First, here's the link to read the article.

The points the writer brings up can be boiled down to four things (he lists five, but one of them doesn't really count). What do you think about them?

1) Amazon will continue to grow in power. (Kind of obvious, but OK.)

2) Traditional publishers have one chance left: form a relationship with readers. (That's one way to think about it, but there's more than one option on the table.)

3) Hybrid self-publishing companies are the other winners. (Not sure what is "hybrid" about self-publishing, but he endorses the premium services some self-publishers offer. My own philosophy is that money should come, not go, and it'll take a lot of convincing for me to think otherwise.)

4) What's not published as an e-book goes online and gets shorter. (I have no idea what this means.)

Even for Forbes, it was a bland article. But I'm still interested in your thoughts. What do you think?

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Interesting. Thanks for the link.

I just read a similar projection from Publishers Weekly and from my limited viewpoint decided they were all wet, and most pumping up their own wish fulfillment.  You have to think Forbes would be more objective.

Again, who am I, but I have a really hard time with number 3.  My impression is that those hybrid (which I interpret as "who us? vanity publishers?  Oh, no, no, no... just pay us to print you, then give us a percentage of sales")  have had their heyday.   They flashed in to prey on writers hoping to take advantage of new publishing opening, but are starting to be more widely seen for what they are, which is kind of "just a big a rip-off, but lie about it more".  And obviously have nothing to do with SELF publishing.

4 is a bit hard to figure.   Maybe it has to do with all the predictions that ebooks will move into "the cloud".

Something tells me that there will probably be tons more curveballs in the coming years to shake up the world of publishing. Not sure if this list means anything at the end of the day.

Well, first of all I'd say that by "traditional publishers" he means the big publishers that are now part of multinational 'communications' companies. Of course, there have always been smaller presses that operate a little different and never seem to figure into these articles. But still, I'd say there are a lot of smaller publishers that have a "relationship with their readers," beyond just the Harvard press he mentioned, and they will likely constinue and do well. In crime fiction there are some good presses like Stark House and Snubnose and I think we will see more. There has been a lot of good crime fiction short story sites come and go (and come back again) over the years and e-books make it easier for more of these places to branch out into publishing without a lot of upfront capital.

The wrench in the works, so to speak, is Amazon opening up publishing companies of its own which may make it very tough for these small presses to survive. Amazon distribution terms aren't the same with all the publishers and oter distributors - that's what the IPG fight was all about, and it was just the first contract that came up for renewal.

Amazon as a publisher offers a much fairer deal to authors than traditional publishers.  And they are choosy.  I haven't managed to get in yet, but will try again.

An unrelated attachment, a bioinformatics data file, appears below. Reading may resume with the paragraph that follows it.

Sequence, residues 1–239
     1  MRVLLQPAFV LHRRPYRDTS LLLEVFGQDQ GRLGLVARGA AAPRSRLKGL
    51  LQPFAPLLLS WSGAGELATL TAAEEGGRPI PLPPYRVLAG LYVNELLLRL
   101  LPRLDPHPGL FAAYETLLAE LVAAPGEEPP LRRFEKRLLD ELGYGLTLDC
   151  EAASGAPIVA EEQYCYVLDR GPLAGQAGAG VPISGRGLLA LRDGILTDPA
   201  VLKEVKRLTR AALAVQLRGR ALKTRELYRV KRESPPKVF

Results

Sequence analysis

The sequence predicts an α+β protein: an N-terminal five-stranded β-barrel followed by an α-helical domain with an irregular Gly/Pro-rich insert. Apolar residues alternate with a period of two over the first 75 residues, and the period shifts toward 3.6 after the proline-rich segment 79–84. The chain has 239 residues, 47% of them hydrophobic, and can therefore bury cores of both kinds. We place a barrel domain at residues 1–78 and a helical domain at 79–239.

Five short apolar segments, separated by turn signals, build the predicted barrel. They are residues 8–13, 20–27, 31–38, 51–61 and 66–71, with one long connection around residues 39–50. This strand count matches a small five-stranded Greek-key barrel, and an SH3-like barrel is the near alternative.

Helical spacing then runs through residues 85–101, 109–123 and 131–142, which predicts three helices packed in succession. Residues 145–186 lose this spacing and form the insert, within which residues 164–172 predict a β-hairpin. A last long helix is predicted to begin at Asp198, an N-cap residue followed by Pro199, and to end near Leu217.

Otherwise, I don't see electronic publishers as anything but middlemen who'd like to make money off my books and stories without doing much for it.  Same as with electronic rights that linger in the claws of big publishing houses.


Remember, for every unbaked scribbler who gets a kick out of being "published", there is a ma & pa publishing business that has sprung up to benefit from the rush to Kindle.

"Hybrid" self-publishing is just another way of ripping off the author. Why not hire your own cover designer and editor and then cut your own distribution deal if you're going the print book route? Who needs a middle man?


I'm as confused as you with some of this list. Like the part about "traditional publishers have to form relationships with readers". Uh, duh. Haven't publishers been doing that for years? What the heck does this mean?

In my opinion it's a silly bunch of dribble that says nothing and in absolutely no detail.

All the stuff this supposed list is highlighting has already been happening or changing.

*shaking head*

Thats the hilarious thing about publishing these days.  I'm in a couple of dozen online things where everybody there has comprehensive awareness of it, and how it works, but I don't think I've seen a single professional journalist in a general newspaper who has the slightest clue about it.

He's right about Amazon, of course--there's basically no real retail competition right now.  If by "form a relationship with readers" he means "find a way to enter the retail market," then yes, I think he's right about that, too, although anything they do at this point will be too little, too late.  Basically I think they'll have to resign themselves to their new role as content providers for Amazon, which will cause at least a couple of the big six to get out of the book publishing business in the next few years.  Hybrid self-publishing is a scam, obviously--remarkable that this guy doesn't know that (or pretends not to).  The current trend does not seem to be about shorter--it seems to be about longer but dumber.  See Twilight.  See Fifty Shades. 

Sure, makes sense. All the big six are subsidiaries of bigger companies now, aren't they? They'll probably just sell the publishing division to Amazon.

Of course, with Amazon Studios moving into film and TV production, maybe Netflix will move into ebook distribution and publishing...



I think we'll see more corporations moving out of publishing than moving into it.


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